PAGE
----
Sacred Space by Br John Vernard FMS
DURING my life there have been changes in the Church, some of them insignificant but others have made a big difference to my understanding of the life God has blessed me with.
Where before I was obsessed with following the law that was promulgated by others I now study the teachings of Jesus and make decisions applicable to my situation in life, in modern jargon: “the buck stops with me”.
This has given me a freedom, a joy of living, a rewarding relationship with our great God, with Jesus and his mother Mary.
This is sometimes negated by reports of evils in the world and there are parts I don’t understand.
My solution is not to let negatives control my life but to reflect on positive things which show God’s providence present in our world.
The “pray, pay and obey” tag previously used to describe Catholics certainly fitted me, and my spiritual life lacked conviction and joy.
I was hemmed in by legalism where learning and keeping hundreds of laws based on fear, was all that mattered.
The revelation special for me was to live aware of God’s presence in my life and to help me sort out the relationship between law and God’s love and then share this with others.
This story from New York City of all places brought a tear to my eye.
There was a colourful mayor who was greatly loved by his people because he was one of them.
He would ride on fire engines, help police keep order, walk the streets, take entire orphanages to baseball games and read the Sunday comics over the radio when newspapers went on strike.
Once he turned up at a night court in the poorest ward and told the judge he would take over the bench.
The first case was a tattered old woman, accused by a shopkeeper of stealing bread.
She explained to the judge that her daughter’s husband had deserted her, the daughter was now sick and her grandchildren were starving.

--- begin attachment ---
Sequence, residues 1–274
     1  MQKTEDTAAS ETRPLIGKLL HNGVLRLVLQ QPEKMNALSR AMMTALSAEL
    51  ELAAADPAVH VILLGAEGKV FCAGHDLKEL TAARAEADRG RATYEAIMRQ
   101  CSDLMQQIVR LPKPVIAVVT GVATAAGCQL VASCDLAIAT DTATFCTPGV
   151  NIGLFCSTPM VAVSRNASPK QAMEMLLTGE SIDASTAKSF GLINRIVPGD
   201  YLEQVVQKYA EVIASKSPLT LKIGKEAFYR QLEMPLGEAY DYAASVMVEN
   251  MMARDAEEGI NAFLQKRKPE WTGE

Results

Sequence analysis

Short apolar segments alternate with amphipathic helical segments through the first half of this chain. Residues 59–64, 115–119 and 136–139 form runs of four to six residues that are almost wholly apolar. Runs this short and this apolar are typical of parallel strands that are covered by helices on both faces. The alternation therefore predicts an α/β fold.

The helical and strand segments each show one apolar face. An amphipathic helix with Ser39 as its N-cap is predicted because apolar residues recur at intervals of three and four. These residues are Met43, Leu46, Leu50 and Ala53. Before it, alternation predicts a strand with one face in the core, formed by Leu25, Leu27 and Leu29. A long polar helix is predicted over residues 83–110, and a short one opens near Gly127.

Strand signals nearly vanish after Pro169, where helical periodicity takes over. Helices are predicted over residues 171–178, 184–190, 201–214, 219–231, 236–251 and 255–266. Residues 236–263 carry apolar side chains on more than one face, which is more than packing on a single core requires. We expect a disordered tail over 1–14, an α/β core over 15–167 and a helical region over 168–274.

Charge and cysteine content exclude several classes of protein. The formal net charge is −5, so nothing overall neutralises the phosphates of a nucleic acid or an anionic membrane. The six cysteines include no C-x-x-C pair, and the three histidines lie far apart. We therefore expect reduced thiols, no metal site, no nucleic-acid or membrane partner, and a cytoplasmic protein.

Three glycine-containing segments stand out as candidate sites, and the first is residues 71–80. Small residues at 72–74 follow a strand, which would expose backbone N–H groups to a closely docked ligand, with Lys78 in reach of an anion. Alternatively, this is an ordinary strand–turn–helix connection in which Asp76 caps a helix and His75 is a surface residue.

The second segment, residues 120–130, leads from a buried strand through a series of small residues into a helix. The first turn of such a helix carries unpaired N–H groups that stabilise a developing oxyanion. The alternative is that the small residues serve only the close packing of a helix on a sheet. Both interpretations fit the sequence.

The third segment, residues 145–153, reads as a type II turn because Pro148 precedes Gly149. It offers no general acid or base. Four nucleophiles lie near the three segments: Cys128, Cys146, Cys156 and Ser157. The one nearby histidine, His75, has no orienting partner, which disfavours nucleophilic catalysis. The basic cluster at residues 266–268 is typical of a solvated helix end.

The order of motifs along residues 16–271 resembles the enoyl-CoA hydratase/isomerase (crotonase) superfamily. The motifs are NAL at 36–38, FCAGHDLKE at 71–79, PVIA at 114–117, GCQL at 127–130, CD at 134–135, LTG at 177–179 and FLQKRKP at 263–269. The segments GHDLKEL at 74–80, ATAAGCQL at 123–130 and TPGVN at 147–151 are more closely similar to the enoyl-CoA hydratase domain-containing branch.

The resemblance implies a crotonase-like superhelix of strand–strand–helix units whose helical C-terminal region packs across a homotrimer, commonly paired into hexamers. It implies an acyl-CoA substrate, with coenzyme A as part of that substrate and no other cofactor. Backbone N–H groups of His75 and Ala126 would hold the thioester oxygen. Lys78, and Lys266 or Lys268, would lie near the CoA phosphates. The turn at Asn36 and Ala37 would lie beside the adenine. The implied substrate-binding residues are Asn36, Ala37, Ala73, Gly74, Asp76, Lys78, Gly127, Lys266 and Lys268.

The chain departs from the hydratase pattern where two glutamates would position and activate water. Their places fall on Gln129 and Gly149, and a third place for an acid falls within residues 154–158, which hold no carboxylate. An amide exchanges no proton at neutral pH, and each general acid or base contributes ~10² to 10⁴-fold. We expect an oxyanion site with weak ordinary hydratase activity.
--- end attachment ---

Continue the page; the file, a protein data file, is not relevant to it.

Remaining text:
But the shopkeeper insisted that she had stolen the bread and he refused to drop the charges.
“It’s a bad neighbourhood, your Honour,” the man insisted, “She has got to be punished to teach the other people around here a lesson.”
The judge turned to the woman and said, “I’ve got to punish you, the law makes no exceptions. Pay ten dollars or do time in jail.”
But even as he spoke he was reaching into his pocket pulling out ten dollars, which he tossed into his hat in front of the woman.
“That’s for the ten-dollar fine which I now remit.”
Then in a loud voice he addressed the court: “Furthermore, I am going to fine everyone in this courtroom one dollar for living in a city where a grandmother has to steal bread to feed her children.
“Mr Bailiff, collect the fines and give them to the defendant.”
And so it happened that petty criminals, traffic offenders, policemen, lawyers, reporters and even the red-faced grocery store owner donated a dollar to the fund.
As the bailiff handed over just on 80 dollars to the bewildered old lady the whole court erupted into a standing ovation.
I believe the mayor gave us an example of what Jesus thought about law in his Church – important but not absolute, people come first.
Cut the coat to fit the person. Don’t cut the person to fit the coat.
“You shall love the Lord your God with all your heart … and your neighbour as yourself.” (Mark 12:28-31)